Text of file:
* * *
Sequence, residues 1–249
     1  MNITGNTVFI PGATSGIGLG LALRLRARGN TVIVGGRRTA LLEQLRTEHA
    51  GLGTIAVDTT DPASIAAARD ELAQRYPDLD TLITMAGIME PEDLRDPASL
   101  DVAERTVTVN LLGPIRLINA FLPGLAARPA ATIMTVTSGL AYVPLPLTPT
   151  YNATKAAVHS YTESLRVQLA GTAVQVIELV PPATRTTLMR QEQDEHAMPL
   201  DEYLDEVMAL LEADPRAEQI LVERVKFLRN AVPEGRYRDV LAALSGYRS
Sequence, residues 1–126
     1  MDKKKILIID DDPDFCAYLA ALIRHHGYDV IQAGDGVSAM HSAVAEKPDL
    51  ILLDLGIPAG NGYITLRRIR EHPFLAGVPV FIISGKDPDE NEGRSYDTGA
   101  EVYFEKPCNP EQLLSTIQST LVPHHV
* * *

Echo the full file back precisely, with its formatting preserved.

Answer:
Sequence, residues 1–249
     1  MNITGNTVFI PGATSGIGLG LALRLRARGN TVIVGGRRTA LLEQLRTEHA
    51  GLGTIAVDTT DPASIAAARD ELAQRYPDLD TLITMAGIME PEDLRDPASL
   101  DVAERTVTVN LLGPIRLINA FLPGLAARPA ATIMTVTSGL AYVPLPLTPT
   151  YNATKAAVHS YTESLRVQLA GTAVQVIELV PPATRTTLMR QEQDEHAMPL
   201  DEYLDEVMAL LEADPRAEQI LVERVKFLRN AVPEGRYRDV LAALSGYRS
Sequence, residues 1–126
     1  MDKKKILIID DDPDFCAYLA ALIRHHGYDV IQAGDGVSAM HSAVAEKPDL
    51  ILLDLGIPAG NGYITLRRIR EHPFLAGVPV FIISGKDPDE NEGRSYDTGA
   101  EVYFEKPCNP EQLLSTIQST LVPHHV